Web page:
Only the best of help is employed in this mill, and people who drink whiskey and are guilty of any immorality either have to reform or leave the mill village.
Blueprint of a typical mill village house -
Cotton Mill: Commercial Features
by D.A. Thomkins, 1899
The mill village was a key element in the success of the Southern textile industry. In order to persuade workers used to a close-knit rural life to move off the farms and into town, the mill owners built their own miniature communities around each mill. The mill village, also called the mill hill by residents, consisted of houses for workers, churches, schools, stores, community centers, and other buildings. The village was meant to cultivate a sense of community, while also providing mill owners a way to directly or indirectly supervise their workers’ lives outside work. Zelma Murray recalls that the mill charged “fifty cents a week for a five room house, and thirty-five cents for the three…and they furnished the electric lights, and they put them out at nine o'clock. They said that was time to go to bed.” Although the rent charged by the mill companies was relatively low, residents had to abide by the mill’s rules and regulations to live in mill housing.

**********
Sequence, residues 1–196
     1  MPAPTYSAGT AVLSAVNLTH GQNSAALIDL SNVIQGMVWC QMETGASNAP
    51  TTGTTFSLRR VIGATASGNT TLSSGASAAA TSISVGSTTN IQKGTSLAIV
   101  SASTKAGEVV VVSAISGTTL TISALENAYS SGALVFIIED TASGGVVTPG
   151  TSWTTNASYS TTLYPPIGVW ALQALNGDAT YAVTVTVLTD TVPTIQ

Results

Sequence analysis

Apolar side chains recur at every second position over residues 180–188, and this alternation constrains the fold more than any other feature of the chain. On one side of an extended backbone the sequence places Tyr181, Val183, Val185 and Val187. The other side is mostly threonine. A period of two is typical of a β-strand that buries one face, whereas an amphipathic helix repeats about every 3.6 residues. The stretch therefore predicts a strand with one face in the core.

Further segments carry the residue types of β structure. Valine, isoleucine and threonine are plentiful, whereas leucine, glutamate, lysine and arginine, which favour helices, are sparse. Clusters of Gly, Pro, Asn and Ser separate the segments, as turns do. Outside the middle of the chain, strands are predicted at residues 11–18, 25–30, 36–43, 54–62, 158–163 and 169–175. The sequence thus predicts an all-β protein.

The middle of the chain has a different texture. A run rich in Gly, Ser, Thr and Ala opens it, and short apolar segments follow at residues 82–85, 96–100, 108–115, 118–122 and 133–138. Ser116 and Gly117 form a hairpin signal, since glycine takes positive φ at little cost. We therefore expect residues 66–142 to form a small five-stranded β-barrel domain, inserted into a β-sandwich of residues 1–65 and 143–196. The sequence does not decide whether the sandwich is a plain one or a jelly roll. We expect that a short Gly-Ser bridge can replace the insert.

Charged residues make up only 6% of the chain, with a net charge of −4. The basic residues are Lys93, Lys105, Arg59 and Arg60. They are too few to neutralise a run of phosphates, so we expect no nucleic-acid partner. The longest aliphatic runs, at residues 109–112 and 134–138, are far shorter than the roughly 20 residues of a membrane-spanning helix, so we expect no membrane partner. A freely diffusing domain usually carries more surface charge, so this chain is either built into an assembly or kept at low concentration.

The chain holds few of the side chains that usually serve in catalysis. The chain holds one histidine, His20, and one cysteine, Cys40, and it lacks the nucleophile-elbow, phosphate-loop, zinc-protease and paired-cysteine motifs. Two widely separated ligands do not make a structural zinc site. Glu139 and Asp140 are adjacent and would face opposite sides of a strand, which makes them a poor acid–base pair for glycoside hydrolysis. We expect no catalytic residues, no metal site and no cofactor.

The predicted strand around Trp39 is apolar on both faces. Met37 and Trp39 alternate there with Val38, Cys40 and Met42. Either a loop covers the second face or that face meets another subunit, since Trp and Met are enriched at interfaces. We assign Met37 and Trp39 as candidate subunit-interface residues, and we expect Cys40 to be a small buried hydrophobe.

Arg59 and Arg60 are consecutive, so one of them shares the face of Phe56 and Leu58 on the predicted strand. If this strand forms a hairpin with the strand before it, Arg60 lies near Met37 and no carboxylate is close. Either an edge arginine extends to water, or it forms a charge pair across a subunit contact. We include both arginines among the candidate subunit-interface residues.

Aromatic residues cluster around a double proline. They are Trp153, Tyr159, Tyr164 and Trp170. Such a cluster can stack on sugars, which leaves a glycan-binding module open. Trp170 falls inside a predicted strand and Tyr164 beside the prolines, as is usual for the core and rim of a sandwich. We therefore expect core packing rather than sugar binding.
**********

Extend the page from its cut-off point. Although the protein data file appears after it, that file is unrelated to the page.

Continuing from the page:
The Murrays were fortunate to have had electric lighting. In 1916, only half of families living in mill villages had electricity. Only 24 percent had running water and 22 percent had flush toilets.
Most mills required that a family provide one worker for each room in the house they were renting. Families renting a standard four-room house, for example, had to send at least four family members to work in the mill. Not surprisingly, several of these family members were often under the age of 16.